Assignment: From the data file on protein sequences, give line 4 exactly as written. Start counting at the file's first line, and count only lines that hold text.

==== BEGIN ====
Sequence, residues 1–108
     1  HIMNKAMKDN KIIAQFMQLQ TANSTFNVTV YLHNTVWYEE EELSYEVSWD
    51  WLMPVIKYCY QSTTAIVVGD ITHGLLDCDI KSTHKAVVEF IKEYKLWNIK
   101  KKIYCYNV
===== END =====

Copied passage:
   101  KKIYCYNV